CEO notes there is no outbreak of the itchy skin infection
Two cases of scabies were confirmed in the north ward of Providence Place on Feb. 19.
© Times-Herald photo
A bulletin inside the east entrance of Providence Place notes that scabies cases have surfaced in the long-term facility. There is, however, no outbreak of scabies at this time.
In an email obtained by the Times-Herald, Providence Place CEO Paul Nyhof, noted that upon the discovery of scabies, “the two residents were placed in isolation and precautions for these two residents were put in place, with treatment following immediately.”
The scabies cases were discovered in Providence Place’s north ward, but the ward was not closed off.
The long-term care facility did, however, implement enhanced precautions to ward off the potential spread of the itchy skin infection, including limiting congregate activities to affected areas.
The entire contents of the affected rooms were bagged and isolated for seven days. They were also subjected to an enhanced cleaning prior to and after treatment. Mattresses, chairs and other related items are Hepavacced to remove any potential contaminants.
“Typically it's like a little pimply sort of rash where you flex, like your wrists, the bend in the arm, behind the knees, and under skin folds,” said Dr. Mark Vooght, chief medical officer for the Five Hills Health Region. “You sometimes see a little track where the bug has been burrowing underneath the skin and you can get secondary infections occurring because people scratch them.”
Vooght stressed the importance of diagnosing scabies. He added that contraction of scabies is caused by “close physical contact.”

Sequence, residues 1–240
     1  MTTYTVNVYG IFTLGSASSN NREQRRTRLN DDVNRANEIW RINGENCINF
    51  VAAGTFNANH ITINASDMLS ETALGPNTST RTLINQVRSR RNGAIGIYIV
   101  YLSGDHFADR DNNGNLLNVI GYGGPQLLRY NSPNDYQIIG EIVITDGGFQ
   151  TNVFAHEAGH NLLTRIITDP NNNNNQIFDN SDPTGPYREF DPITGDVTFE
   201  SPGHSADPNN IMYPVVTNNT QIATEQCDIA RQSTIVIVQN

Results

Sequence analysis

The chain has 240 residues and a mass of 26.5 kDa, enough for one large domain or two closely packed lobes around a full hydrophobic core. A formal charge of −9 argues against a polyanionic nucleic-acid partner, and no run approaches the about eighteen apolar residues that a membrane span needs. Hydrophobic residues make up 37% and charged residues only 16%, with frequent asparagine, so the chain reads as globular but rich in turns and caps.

It’s not known how the Providence Place residents contracted scabies, but Nyhof confirmed that it’s not an outbreak.
According to Vooght, an outbreak occurs when the transmission of a disease or infection spreads to multiple wards, or geographic localities.
There was, however, a scabies outbreak in Providence Place last fall.
“In September there was a small (issue) and I think we could call it an outbreak,” Nyhof told the Times-Herald Wednesday. “There was one unit that was completely contained because of scabies.”
He added that protocols and practices in place to manage infection prevention control are up to par when outbreaks occur in healthcare environments.
“There are all kinds of potentials (for contraction). It could have been from a visitor. It could have been from a staff member,” Nyhof said regarding the two recent scabies cases. “Any of those are possible.”
“We don’t know of any staff members with scabies, so my guess is it’s likely from a visitor.”
As of Wednesday afternoon there were no other confirmed scabies cases in Providence Place and the two residents continue to be treated.
“Scabies are quite easily treated with permethrin,” said Vooght.
“The important thing is to clean people's clothes under very high temperatures – your high heat wash and your high heat dryer – otherwise you can get little mites transferred in clothes. You can get a person reinfected and that often happens in facilities and institutions where you don't quite eradicate it in a person's environment.”
Vooght said it can be a very tedious process, but it’s necessary to prevention the itchy skin infection from reappearing.
Nathan Liewicki can be reached at 306-691-1256 or follow him on Twitter @liewicks